ST GEORGE’S, Grenada – Returning all-rounder Dwayne Bravo said he was moved by the love from the fans despite ending on the losing side in Wednesday’s opening Twenty20 International against Ireland.
The 36-year-old featured in his first match for West Indies in nearly three-and-a-half years but the hosts failed to overhaul a challenging 208 at the Grenada National Stadium, and slipped to a four-run defeat.
“It’s good to be back. I am happy to be given this opportunity again to represent West Indies once more,” said Bravo, who finished with two for 28 from four overs of medium pace and made nine.
“I feel the love from the people here in Grenada. Walking into the hotel, even the [staff] were happy … those things make me feel really proud and I am happy to be a West Indian. It’s nice to be still loved and appreciated by the fans.”
He continued: “It was not the result we wanted but again in cricket, you win and you lose. Chasing over 200 is always a difficult chase but to lose by [four] runs shows a great team effort.
“Barring the result, the way how Evin (Lewis) batted, the way how (Lendl) Simmons batted [and how] Polly (Pollard), (Shimron) Hetmyer they played those cameos, [was pleasing].”
Bravo was recalled for the current three-match series which will conclude this weekend at Warner Park in St Kitts with a doubleheader.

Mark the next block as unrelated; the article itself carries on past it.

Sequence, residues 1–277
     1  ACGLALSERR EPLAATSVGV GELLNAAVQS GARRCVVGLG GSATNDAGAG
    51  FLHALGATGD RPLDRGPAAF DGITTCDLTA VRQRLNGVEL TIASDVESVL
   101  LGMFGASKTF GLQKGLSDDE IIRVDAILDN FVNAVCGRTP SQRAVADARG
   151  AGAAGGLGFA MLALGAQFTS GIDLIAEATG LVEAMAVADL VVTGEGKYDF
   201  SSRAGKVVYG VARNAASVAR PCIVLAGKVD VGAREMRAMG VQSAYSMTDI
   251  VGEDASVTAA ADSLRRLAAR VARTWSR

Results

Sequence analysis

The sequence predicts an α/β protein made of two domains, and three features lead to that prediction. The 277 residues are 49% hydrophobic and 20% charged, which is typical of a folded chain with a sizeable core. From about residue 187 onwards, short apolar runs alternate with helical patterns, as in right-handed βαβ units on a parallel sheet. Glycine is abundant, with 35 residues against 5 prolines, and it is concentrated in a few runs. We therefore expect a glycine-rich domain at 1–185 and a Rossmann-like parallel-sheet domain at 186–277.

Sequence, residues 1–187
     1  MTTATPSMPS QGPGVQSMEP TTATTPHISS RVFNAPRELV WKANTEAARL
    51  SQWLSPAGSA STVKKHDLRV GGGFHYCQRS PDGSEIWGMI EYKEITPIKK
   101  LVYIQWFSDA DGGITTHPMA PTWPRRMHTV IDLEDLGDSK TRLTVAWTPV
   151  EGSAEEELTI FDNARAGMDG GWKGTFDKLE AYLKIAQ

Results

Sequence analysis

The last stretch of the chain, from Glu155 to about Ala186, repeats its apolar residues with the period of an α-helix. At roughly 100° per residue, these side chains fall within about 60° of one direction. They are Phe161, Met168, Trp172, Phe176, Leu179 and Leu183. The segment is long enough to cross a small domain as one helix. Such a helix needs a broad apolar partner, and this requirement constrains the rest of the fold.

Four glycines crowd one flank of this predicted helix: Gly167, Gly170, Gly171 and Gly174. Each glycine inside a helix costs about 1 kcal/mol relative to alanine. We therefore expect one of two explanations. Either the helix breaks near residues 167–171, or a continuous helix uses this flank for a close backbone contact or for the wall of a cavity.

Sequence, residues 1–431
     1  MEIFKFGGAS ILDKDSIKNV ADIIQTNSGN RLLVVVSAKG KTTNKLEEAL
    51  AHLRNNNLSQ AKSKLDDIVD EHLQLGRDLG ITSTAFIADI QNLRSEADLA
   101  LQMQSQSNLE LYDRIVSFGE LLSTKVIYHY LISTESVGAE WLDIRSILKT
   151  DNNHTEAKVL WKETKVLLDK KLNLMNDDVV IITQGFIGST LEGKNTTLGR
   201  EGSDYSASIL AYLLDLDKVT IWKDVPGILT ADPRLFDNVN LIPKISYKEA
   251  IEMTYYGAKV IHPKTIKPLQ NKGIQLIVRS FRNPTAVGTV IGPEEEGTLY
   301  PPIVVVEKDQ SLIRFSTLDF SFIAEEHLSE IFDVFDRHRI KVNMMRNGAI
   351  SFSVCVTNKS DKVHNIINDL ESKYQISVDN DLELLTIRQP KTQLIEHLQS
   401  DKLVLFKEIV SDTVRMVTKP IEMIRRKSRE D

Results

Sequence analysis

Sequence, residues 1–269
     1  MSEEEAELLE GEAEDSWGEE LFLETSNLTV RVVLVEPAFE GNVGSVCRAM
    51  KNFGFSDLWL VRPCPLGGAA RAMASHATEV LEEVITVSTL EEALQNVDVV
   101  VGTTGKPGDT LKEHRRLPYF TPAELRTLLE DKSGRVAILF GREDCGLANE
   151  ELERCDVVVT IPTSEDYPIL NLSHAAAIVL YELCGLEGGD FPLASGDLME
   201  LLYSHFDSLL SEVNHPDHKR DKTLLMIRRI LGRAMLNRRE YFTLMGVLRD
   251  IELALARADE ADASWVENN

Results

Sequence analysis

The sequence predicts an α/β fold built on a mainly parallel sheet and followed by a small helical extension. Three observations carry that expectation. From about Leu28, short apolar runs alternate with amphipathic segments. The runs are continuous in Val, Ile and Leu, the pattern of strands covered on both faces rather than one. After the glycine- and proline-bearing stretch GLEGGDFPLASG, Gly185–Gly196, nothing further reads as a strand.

With 67 T20 Internationals, he is one of the most experienced players on a side comprising mainly younger players, and believes his knowledge will be a massive boost for the unit.
“I feel good to know that I am among this talented squad here and I think these guys have 10, 12 years in front of them where they can dominate world cricket at some point,” he explained.
“My role is not to come back and try and take anyone’s spot or to play every game but to try and share whatever knowledge I have and have gained over the years. I believe with a captain like Polly and a coach like Phil (Simmons) that these young players can produce great things for West Indies in times to come.”
Bravo’s first over on Wednesday was less than flattering, opener Paul Stirling (95) smashing the the first three deliveries for four, six and six, as 18 runs came from the over.
However, he was excellent in his last three overs, displaying his remarkable skill especially at the death as he conceded just 10 runs and snatched two wickets.
“The key to death bowling is being able to nail a yorker when you want it. It’s the safest ball, it’s the best option whenever you’re under pressure,” the Trinidadian pointed out.
“Most times when you go on grounds that have a big wind factor, as a bowler you have to analyse all of these things – all of these things come into play.
“The first over didn’t go according to plan but after that when I came back at the back end where my experience really comes in, and I just decided yorkers is the way to go.” (CMC)